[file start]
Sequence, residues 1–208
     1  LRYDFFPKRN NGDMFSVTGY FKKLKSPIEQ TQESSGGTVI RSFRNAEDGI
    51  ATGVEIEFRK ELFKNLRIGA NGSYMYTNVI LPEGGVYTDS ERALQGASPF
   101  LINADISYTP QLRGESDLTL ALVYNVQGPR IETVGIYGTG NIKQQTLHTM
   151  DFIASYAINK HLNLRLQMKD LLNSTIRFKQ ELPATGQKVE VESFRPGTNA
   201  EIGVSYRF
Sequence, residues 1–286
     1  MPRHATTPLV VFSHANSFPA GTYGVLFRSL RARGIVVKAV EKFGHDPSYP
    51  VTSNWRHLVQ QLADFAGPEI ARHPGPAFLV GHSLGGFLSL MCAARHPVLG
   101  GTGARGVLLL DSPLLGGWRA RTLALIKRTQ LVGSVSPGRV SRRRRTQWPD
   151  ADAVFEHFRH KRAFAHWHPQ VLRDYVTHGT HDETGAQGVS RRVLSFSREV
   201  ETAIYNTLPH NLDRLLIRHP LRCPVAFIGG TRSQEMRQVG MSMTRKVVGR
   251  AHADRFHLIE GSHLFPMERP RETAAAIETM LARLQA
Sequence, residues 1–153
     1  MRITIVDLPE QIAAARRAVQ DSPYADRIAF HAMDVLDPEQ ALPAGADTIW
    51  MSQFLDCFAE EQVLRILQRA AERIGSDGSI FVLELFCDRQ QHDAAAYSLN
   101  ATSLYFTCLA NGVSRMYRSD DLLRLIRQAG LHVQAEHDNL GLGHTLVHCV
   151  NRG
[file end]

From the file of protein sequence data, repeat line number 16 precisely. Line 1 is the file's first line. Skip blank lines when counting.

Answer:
    51  MSQFLDCFAE EQVLRILQRA AERIGSDGSI FVLELFCDRQ QHDAAAYSLN